September 19, 2019 icon depicting Mostly clear weather 57°F

John McIntyre

Who whom hoodoo

Sorting out 'who' and 'whom' may be more than you have stomach for

Don’t lose your composure over ‘is comprised of’

Editors have kept the "comprise/compose" distinction on life support.

Pause and reflect; semicolons are useful

A review of "Semicolon: The Past, Present, and Future of a Misunderstood Mark" by Cecelia Watson

Half a dozen things you may not understand about English

Misconceptions about the way language works

You have the right to use English

I am not a grammar cop, and we do not need a grammar police force.

Lowest common denominator

English and the lowest common denominator

Driving the gauntlet

Writing can be running a gantlet between people who follow an imaginary rule and people who are utterly unaware of it.

You have been given bad advice

Great Fowler’s ghost! There has been some serious grammar and usage malpractice out there.

In the syntax fields, a whimsical fiction

You never know what you will find in the wild.

Make an effort

Some people object to "efforting," but I rather like it.

Who ARE these people?

John McIntyre has many questions

The dying copy editor: a whimsical fiction

He had worked on metropolitan newspaper copy desks for more than forty years, but now, as his body failed, his family had been told by the doctors that the end

Just split the damn infinitive

The charming article by Mary Norris on attending the recent national conference of ACES: The Society for Editing, “Dropped Hyphens, Split Infinitives, and Other

Last day of class

This morning was the last day of class in my twenty-fourth year of teaching editing at Loyola University Maryland. The concluding remarks to my students are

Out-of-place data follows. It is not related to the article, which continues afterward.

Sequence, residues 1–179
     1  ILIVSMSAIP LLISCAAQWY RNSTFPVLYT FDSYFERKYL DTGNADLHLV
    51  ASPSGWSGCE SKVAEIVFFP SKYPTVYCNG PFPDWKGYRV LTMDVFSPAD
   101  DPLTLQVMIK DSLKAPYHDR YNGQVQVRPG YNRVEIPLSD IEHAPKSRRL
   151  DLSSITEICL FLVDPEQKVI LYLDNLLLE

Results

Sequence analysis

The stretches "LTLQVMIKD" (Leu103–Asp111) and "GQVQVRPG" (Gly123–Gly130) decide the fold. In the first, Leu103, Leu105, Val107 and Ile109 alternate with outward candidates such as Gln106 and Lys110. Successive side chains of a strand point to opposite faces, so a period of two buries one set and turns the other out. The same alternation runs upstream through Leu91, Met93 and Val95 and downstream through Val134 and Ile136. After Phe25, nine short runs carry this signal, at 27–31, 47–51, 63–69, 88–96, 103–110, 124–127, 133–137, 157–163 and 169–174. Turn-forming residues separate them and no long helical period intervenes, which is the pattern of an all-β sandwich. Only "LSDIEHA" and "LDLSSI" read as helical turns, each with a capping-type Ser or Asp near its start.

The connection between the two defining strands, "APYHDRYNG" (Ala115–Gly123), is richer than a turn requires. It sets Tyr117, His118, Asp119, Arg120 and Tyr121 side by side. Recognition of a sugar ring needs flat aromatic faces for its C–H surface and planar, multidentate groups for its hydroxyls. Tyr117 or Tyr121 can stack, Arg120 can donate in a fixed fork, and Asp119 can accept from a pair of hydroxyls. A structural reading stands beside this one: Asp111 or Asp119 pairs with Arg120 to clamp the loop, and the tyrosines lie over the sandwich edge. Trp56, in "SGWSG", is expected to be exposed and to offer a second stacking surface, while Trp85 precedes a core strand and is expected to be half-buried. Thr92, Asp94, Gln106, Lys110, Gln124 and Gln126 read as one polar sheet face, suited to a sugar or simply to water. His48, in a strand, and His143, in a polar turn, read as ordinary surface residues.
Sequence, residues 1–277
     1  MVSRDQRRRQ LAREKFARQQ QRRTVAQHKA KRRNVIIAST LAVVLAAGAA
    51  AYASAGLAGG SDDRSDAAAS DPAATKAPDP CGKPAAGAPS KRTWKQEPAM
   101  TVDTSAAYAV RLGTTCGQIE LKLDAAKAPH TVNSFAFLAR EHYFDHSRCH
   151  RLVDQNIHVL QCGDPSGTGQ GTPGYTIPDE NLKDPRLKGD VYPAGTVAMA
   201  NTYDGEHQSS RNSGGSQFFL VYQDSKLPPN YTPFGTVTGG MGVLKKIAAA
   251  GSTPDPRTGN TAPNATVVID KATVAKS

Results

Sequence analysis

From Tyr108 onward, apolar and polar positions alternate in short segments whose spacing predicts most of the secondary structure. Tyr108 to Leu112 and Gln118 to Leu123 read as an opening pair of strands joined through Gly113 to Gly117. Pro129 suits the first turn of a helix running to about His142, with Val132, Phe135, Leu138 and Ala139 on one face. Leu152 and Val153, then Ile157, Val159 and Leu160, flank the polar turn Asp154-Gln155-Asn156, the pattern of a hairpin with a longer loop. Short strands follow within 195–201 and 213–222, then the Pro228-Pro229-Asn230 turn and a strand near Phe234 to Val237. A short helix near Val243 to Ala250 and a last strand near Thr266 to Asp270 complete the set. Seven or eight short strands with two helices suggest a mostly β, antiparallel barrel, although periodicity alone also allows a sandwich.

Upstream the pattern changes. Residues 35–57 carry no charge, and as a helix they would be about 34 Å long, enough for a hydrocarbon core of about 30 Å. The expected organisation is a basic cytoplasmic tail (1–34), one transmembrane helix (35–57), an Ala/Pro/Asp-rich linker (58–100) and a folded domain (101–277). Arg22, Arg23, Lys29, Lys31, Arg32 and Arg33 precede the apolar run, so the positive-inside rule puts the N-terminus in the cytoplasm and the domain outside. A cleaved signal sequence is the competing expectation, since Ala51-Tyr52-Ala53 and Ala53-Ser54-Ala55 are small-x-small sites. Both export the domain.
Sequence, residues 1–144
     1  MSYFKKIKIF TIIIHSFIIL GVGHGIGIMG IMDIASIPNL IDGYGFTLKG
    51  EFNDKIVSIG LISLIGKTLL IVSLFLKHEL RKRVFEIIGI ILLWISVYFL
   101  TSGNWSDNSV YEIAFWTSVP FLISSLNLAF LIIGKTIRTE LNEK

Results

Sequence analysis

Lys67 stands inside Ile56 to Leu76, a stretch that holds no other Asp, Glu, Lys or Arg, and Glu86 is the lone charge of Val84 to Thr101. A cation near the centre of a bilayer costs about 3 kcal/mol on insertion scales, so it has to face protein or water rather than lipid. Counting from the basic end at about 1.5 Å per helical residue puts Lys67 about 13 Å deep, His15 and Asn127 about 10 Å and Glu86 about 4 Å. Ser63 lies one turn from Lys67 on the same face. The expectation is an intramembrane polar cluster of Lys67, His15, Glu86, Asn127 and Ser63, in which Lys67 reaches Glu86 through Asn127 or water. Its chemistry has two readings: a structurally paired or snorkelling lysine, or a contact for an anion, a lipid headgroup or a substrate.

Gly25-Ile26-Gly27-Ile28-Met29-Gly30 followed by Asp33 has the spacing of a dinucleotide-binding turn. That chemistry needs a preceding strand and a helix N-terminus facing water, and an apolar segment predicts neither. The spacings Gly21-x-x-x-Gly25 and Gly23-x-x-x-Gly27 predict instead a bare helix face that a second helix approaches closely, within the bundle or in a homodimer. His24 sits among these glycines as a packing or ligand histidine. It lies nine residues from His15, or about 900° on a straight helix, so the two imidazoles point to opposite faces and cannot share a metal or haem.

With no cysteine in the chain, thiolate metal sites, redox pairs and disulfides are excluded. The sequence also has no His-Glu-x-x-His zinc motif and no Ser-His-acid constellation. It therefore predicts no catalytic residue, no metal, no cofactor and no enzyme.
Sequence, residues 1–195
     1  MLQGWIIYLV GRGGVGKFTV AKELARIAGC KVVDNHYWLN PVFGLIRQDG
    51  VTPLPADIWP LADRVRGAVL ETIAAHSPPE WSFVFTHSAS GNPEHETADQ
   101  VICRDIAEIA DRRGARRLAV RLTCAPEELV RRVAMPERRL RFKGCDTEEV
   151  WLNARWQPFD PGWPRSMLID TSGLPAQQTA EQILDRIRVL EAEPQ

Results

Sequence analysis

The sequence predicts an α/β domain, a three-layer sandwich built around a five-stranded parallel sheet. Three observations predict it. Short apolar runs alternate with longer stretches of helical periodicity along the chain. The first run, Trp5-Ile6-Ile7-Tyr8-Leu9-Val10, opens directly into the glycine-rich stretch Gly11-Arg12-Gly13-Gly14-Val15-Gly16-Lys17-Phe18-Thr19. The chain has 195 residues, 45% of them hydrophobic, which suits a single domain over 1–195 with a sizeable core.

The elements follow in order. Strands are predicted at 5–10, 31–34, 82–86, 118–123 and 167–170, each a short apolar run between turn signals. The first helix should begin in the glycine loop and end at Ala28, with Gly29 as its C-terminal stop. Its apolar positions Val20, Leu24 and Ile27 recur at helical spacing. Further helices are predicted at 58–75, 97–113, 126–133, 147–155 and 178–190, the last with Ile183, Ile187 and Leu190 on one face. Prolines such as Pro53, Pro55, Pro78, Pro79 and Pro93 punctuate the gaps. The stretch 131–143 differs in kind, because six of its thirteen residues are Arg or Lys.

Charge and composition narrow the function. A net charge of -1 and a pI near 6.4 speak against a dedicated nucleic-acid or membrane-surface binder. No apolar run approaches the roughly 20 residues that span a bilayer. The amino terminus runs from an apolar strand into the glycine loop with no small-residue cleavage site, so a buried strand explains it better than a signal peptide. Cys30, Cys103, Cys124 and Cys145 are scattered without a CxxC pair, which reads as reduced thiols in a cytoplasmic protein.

A meditation on mowing

I was cutting the grass this morning, pushing the mower across the yard, turning, and pushing it back in the opposite direction, when boustrophedon popped into

For pasting above the desk

Over the years I’ve assembled a number of quotations on writing, editing, and grammar. From this selection, pick what would be most helpful to you if you look

Victory lap

Last week at the national conference of ACES: The Society for Editing, Paula Froke, editor of the Associated Press Stylebook, asked a question during the

Defending the AP Stylebook

Great Fowler’s ghost! That it should have come to this. I am defending the Associated Press Stylebook.

A purist walks into a bar: A Grammarnoir episode

I’m sitting in the bar, enjoying a quiet pint of Smithwick’s, when this nimrod wearing a red Make America Grammatical Again cap comes through the door and sits

That damn apostrophe

Today, God help me, I’m writing about baseball.

Anyone for Grammanoir?

With National Grammar Day (March Fourth) approaching, I had made no plans to write a Grammarnoir episode this year, but this morning I have been challenged on

Make room on the shelf for "Dreyer's English," and make Dreyer's English your English

In writing about writers’ and editors’ crotchets, Benjamin Dreyer praises “the bracingly peeve-dismantling Merriam-Webster’s Dictionary of English Usage. If

Speaking terms

Rawley Grau, a former colleague, posed a question on Facebook about a New York Times usage. Why, he wondered, does The Times use the term spokeswoman rather

We heal with the knife

I tell students in my editing class at Loyola University Maryland that editing is like surgery.

Take the cache and let the edit go

Today on Morning Joe, Mika Brzezinski quoted from a text and pronounced the word cache as “cash-ay.” This is a common confusion.

The Republic in safe hands

Yesterday, as the 116th Congress assumed office, two Muslim representatives were sworn in as they held copies of the Quran—one of them, Rep. Rashida Tlaib of

The usual suspects

During four decades of editing in big-time journalism, I’ve encountered few exotic specimens. You sit at the bench for hours, and it’s always the same damned

Lay that burden down

One of the readers of yesterday’s post on the increasingly rapid decay of whom in general usage asked the inevitable question: “What's your thinking on

Just use "who"

All right, people, we have been here before. I’m going to go over this one last time and then be done with it. Most of you should just give up on whom and not

What editors mean

A translation of your editor’s stock comments.